If you don’t have scraps to work with look for items at thrift shops to dissect. Just imagine what you could do with a big outdated bag, or a huge leather trench coat! Not crazy about the secondhand scene? Visit a leather outlet like Tandy.
-The Naptime Gnome <;’)
Naptime Gnome Idea #2
Add a Custom Fabric Label Window to Just About Anything!
- Old jeans or other denim/stiff canvas material (cut-off legs from shorts, or old bits of canvas drop-cloth are great)
- Fabric to cover (here I used a felt backed vinyl tablecloth)
- Coordinating thread
- Straight pins
- Paper for labels
- Printer for printing labels (if your handwriting looks anything like mine!:) Optional
Making the Denim Form
1. Cut a rectangle of canvas about as large as the window you would like to make. About 3.5″ x 2.5″ is pretty standard. I went 3.25″ x 2.25″ because I wanted them to be a little smaller to better fit a wee-one’s world.
2. Fold in half (either landscape or portrait, doesn’t matter). Measure the width you would like the edge of the window to be (these are 1/2″ frames). Remember, that once you wrap the denim with fabric, it will be slightly wider, but the difference is only about 1/16″ – 1/8″ of an inch. Keeping the frame folded, mark the inner edge of the frame. Using three straight cuts, cut the upper, then lower line, then remove the center by cutting the third edge between them.
5. Mark the approximate center and inner corners with small dots. These will be your guides for cutting the inner portion of your cover fabric to make the “window.” I used dry-erase marker on this vinyl. You can use a pattern marker/pencil or a sliver of soap if using a darker fabric.
6. Fold the cover fabric diagonally and bite into it at a perpendicular angle with your scissors. This should be the beginning of your slit from the opposite or diagonally oriented marks. Carefully extend your cut to the dots on either side.
7. Insert the scissors halfway down the diagonal slit and cut to the remaining dots on either side, making an “X.” NOTE: DO NOT CUT BEYOND THE MARK. If you cut too far, the frame will be exposed underneath. You can always snip a bit more if you need to, but “you may never come back” (and if you didn’t hear that ethereal echo in the background, you may have to rent the movie “All Dogs Go to Heaven.”
9. Pull the triangular cut flaps up and outward to wrap the inner perimeter of the frame. Pin and repeat with each triangular flap. Flip over and inspect the corners, if the frame is fairly well covered… GREAT JOB! If any flaps look a bit loose, or the inner edges look uneven, one at a time, unpin the offending flaps, reposition, pin and continue.
11. Fold the flaps in to cover the outer perimeter of the form. If you are using a fabric that can be safely ironed, this would be an excellent place to whip out the iron, and simply press the folds as you make them to keep them crisp.
My vinyl would have shriveled into a little charred ball, so it took a little more effort to keep the edges looking crisp. To get nice square corners, I tried “gift wrapping” by making little triangular folds, but only resulted in bulky rounded corners. Ultimately, it was easiest to fold the flaps in on either side and pin.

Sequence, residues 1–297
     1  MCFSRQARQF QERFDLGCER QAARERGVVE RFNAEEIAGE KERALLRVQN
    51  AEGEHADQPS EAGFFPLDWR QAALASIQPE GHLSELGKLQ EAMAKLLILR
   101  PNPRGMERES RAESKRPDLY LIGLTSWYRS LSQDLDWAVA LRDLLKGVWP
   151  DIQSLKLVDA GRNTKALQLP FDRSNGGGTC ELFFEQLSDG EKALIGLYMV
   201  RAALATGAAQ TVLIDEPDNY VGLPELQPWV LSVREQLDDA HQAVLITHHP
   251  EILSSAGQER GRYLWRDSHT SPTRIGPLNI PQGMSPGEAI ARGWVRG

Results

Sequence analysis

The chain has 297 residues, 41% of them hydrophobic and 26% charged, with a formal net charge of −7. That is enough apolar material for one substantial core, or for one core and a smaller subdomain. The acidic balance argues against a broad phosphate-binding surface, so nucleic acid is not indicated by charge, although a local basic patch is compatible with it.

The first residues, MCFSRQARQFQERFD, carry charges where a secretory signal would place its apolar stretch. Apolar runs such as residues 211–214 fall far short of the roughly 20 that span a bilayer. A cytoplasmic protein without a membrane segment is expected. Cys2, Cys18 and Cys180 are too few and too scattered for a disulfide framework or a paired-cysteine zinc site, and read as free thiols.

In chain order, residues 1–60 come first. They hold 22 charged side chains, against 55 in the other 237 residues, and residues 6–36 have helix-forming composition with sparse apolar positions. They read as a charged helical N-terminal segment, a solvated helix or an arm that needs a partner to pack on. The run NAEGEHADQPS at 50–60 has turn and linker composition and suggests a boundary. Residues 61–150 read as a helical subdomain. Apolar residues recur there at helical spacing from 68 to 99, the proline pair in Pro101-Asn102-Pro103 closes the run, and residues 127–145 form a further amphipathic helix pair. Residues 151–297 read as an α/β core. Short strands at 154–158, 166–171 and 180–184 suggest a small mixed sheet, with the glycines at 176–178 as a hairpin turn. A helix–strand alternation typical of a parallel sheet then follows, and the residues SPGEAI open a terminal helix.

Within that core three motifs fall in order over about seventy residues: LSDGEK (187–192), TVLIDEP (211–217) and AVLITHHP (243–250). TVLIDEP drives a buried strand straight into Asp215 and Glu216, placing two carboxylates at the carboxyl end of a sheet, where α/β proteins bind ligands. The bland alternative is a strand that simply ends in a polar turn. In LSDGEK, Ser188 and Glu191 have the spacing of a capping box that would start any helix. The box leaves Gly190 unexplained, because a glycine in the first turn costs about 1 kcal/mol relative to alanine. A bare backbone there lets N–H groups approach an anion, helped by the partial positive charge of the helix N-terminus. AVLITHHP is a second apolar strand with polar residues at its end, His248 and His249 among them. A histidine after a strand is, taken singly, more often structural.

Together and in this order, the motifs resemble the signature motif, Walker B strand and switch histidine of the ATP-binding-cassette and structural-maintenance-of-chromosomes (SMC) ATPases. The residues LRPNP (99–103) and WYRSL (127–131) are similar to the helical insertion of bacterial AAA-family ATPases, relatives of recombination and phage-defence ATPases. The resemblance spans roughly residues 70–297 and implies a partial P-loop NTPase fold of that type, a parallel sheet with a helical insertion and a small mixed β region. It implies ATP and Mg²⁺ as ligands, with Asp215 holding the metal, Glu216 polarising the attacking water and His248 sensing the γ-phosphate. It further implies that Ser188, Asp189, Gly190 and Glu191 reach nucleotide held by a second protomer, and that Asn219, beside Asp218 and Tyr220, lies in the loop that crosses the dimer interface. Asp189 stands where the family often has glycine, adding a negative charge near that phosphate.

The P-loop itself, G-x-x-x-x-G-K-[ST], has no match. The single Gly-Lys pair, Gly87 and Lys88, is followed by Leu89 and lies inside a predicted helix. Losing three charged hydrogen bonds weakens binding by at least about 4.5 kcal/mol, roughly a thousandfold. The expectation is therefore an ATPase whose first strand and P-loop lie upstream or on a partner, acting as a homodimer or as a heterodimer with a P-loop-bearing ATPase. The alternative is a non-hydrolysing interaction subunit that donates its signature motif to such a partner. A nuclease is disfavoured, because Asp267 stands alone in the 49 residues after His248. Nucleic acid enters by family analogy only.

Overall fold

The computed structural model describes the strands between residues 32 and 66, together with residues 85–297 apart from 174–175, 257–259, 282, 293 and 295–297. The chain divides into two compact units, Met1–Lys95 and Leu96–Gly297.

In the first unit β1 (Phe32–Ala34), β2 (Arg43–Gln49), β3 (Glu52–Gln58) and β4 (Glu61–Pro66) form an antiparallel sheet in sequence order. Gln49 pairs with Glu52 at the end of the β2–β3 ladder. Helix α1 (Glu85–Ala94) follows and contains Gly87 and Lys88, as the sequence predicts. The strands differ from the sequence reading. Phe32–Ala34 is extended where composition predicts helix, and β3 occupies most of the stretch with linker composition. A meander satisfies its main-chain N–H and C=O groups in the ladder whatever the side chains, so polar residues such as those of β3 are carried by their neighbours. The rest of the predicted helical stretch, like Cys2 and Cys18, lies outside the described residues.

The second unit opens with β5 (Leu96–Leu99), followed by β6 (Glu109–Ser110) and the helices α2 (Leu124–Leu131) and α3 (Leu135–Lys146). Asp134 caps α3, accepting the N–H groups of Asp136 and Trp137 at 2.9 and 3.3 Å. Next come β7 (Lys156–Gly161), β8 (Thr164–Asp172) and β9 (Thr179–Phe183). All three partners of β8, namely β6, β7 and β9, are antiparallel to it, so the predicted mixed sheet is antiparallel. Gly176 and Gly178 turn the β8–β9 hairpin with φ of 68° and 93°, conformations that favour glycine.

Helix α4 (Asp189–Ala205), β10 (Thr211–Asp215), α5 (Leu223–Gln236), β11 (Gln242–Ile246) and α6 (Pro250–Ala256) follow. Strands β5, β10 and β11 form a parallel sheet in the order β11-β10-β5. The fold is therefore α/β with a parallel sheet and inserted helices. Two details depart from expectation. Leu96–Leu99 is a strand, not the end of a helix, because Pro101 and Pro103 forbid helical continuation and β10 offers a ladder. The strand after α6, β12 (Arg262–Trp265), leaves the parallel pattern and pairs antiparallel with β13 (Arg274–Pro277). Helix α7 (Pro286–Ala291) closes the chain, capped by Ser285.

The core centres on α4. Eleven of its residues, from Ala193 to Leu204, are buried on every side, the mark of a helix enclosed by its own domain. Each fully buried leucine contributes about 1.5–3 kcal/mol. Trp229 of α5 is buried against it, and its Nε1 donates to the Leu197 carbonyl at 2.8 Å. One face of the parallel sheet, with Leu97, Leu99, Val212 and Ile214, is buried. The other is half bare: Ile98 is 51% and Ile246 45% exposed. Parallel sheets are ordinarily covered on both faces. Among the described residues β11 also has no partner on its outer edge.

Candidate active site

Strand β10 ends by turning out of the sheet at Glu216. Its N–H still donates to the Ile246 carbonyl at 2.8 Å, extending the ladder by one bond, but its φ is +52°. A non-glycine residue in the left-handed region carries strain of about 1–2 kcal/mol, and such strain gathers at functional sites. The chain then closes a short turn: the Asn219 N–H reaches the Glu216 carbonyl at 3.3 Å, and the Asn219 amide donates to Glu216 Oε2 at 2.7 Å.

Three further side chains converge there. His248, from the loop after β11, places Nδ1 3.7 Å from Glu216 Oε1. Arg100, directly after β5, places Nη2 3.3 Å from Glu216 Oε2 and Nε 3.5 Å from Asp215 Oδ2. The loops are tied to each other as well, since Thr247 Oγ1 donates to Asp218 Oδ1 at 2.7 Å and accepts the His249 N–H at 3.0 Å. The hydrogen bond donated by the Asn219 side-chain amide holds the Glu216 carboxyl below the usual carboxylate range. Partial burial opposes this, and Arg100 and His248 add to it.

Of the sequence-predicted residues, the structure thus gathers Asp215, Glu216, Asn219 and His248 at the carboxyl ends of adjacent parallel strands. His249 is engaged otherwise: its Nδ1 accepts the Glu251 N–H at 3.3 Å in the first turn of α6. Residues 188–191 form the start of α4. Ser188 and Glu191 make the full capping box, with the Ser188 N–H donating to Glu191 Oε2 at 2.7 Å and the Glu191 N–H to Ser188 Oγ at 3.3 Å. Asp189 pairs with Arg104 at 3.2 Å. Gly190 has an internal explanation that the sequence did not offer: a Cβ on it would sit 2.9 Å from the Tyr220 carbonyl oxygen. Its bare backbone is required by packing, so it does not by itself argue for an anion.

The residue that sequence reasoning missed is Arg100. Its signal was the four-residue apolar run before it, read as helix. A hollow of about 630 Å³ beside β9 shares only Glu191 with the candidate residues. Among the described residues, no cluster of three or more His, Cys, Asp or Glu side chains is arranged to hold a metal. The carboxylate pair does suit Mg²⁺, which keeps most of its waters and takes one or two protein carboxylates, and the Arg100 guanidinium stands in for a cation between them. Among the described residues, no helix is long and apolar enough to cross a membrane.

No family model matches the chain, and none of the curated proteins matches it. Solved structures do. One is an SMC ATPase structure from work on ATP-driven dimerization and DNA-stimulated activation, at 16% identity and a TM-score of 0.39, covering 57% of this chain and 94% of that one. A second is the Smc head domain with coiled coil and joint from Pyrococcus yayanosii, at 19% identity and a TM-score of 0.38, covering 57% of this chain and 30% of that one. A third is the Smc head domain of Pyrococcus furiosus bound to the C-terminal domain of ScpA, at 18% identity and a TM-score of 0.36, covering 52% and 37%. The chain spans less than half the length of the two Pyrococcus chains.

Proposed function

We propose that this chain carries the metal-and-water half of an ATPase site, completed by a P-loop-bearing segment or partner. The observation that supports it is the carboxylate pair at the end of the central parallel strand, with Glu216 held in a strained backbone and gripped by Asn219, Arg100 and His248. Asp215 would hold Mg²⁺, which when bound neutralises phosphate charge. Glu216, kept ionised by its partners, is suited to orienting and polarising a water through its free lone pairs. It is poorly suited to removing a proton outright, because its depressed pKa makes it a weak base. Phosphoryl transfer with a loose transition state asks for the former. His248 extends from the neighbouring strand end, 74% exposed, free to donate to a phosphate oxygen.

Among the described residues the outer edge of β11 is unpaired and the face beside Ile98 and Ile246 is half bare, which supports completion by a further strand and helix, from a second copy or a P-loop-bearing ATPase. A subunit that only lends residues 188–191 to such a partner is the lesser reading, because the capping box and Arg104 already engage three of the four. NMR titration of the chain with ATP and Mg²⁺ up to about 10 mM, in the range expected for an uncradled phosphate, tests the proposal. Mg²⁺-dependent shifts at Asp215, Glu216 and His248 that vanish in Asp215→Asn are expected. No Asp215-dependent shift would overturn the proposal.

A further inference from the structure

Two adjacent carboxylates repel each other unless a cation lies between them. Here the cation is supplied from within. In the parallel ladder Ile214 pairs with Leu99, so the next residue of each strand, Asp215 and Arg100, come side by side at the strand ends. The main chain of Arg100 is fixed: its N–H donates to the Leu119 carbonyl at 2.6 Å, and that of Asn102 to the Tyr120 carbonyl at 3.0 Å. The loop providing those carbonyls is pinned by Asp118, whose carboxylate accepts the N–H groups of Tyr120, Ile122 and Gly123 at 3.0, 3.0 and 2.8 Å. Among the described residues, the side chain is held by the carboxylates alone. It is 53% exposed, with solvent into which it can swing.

THEN, doing the bottom and top, being careful to keep the folds tucked in. The next few steps outline this technique more clearly. So if you have clean corners, just skip to step 12.
11a. Fold the bottom (or top if you desire) flap, by first pinching the fold so the fabric doesn’t slide diagonally, then fold it directly up (or down if doing the top).
Stitch Into Place
12. Using your desired thread, top-stitch in place by sewing first around the outer edge. This makes it safe to remove your pins as you go, as the tips of your inner flaps should extend to your stitch. Then stitch your inner edge. I chose to stitch use an 1/8″ margin, but you can sew between 1/8″ and 1/16″ from the edge of your frame with a window this size.
Attach to Desired Object
13. Now that you have a beautiful little frame, you’ll need to attach it to something in need of organizing! You can attach by stitching into place by top-stitching (using a running stitch) right over the top of 3 of your outer stitch lines, or you can use glue, again, only on three sides. The open edge will allow you to slip in your tags. On this project I left the top open because the pack will usually be upright. But you could also put them on the side, which on some items may lay nicer.
NOTE: If gluing, be careful to use just a very thin line of glue along the VERY outer edge, so you will leave space for your label cards. If gluing to fabric, fabric glue, or fusing tape (if your fabric can be ironed) are probably your best bets, but you may want to use something a bit more substantial if you are gluing to paper, wood, plastic or metal. I’ve never had much luck with fabric glue bonding to anything but fabric, and of course, me. I’m a fan of the newer white and yellow glues: Titebond, Elmer’s Glue-All, and Liquid Nails (though this may be overkill! 🙂 always seem to get the job done. Stay away from Gorilla Glue or Super/Krazy Glue for this, as they tend to misbehave a bit with fabric, plus they make a big fat mess.
Design Designer Labels
14. Your labels should be slightly smaller than the space within your outer stitching perimeter, but bigger than the window so they don’t jump out. I’ve found a light cardstock or even printable business cards seem to stay put the best. Measure and establish your desired label size, about 1/4″ narrower and about a 1/4″ shorter than the outer stitched edge should do the trick.
15. You can hand write the labels and be done (YAY!), or you can print them using a word-processing or image creator/editor program.
16. Cut your labels to fit, slide in, stuff your box, basket, or other receptacle with ONLY what is printed on it. Harass mercilessly, any individual that does otherwise… or simply reorganize their sock drawer…
The Naptime Gnome
Crafty Gnome Key:
1 Crafty Gnome = Simple cutting, gluing, tracing, and/or painting, etc.
2 Crafty Gnomes = Any of the above, plus the use of a few tools, and may involve a sewing machine for some simple seams… nothing crazy.
3 Crafty Gnomes = Could require some practice with any of the above items, and/or could involve power tools (you’ll meet Burly Gnome soon enough)
4 Crafty Gnomes = Includes most or all of the above… A bear of a project or requires a bit of help.
5 Crafty Gnomes = Perhaps a bit sorry I attempted it.